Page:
If you want to see yourself as you really are, take a look at yourself through the lens of the Gospel.   What you will see may surprise you, but it will be a surprise that will heal your heart. 

James 1 says in vs. 22-24 “Don’t fool yourself into thinking that you are a listener when you are anything but, letting the Word go in one ear and out the other. Act on what you hear! Those who hear and don’t act are like those who glance in the mirror, walk away, and two minutes later have no idea who they are, what they look like.”

How many times have we heard God’s word taught, or read it ourselves telling us how we could find deep meaning in life through the message of the gospel; only to go on living  in frustration and confusion?  The only right response to the message of the scriptures is to embrace the love of Christ and allow it to shape us into the men and women God would have us be.   Otherwise it’s like wandering around not even knowing what kind of clothes you have on, or who you really are at all.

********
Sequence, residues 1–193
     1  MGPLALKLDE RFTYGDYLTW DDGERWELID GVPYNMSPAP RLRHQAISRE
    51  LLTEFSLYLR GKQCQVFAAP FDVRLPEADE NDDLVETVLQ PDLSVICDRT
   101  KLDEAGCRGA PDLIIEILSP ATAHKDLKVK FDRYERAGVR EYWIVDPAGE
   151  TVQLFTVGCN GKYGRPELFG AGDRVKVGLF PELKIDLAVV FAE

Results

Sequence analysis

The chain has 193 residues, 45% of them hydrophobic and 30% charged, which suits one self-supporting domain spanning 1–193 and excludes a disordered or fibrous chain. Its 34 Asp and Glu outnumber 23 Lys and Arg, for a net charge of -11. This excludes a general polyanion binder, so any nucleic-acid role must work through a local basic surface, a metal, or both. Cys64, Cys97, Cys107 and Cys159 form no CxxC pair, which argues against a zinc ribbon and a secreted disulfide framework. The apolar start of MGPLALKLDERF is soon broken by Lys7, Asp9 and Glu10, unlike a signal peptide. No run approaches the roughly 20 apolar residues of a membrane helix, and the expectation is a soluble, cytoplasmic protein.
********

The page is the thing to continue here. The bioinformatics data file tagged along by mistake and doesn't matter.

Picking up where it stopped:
Never forget that you’re unique…just like everyone else.


We had fries the other day for dinner.  That wasn’t all we had, but I ate a lot of them.  We also had chicken fingers from Zaxby’s. (Yay Zaxby’s!)  At some point during the meal I decided to try and convince my 6-year-old son who hates ketchup to try it with his fries.  This hasn’t worked in the past, but I’m the kind of father that loves to share good things with his children and I am committed to expanding his horizons.  It’s my job.  My 2-year-old is a real ketchup enthusiast.  She dips all kinds of things in it, pancakes, biscuits, chips at the mexican restraunt.  She’s not picky. 

So on this particular evening I brought it up very casually.  “This ketchup really is good tonight.  I don’t think I’ve ever had it taste this good with my fries.”  Nice and subtle.  “What do you think bud, wanna try one with some ketchup?”  His reply came without hesitation.  He lifted his eyes to meet mine and with a mouth full of imperfect fries he said thickly, “Nope.”  Denial.  He didn’t even think about it.  This kind of narrow-mindedness bothers me, and I responded rather childishly, I admit.  “C’mon man, everybody in the world eats fries and ketchup!”  Not my finest moment.

But his response earned my respect.  He took a sip of his juice box and washed down the dry fries, looking at me thoughtfully.  (I was inclined to argue how easily one can swallow fries that have been baptized in ketchup, but I digressed.)  His serious look had me intrigued.  “Well”, he said “that would make them all very ordinary.  Who wants to be ordinary?”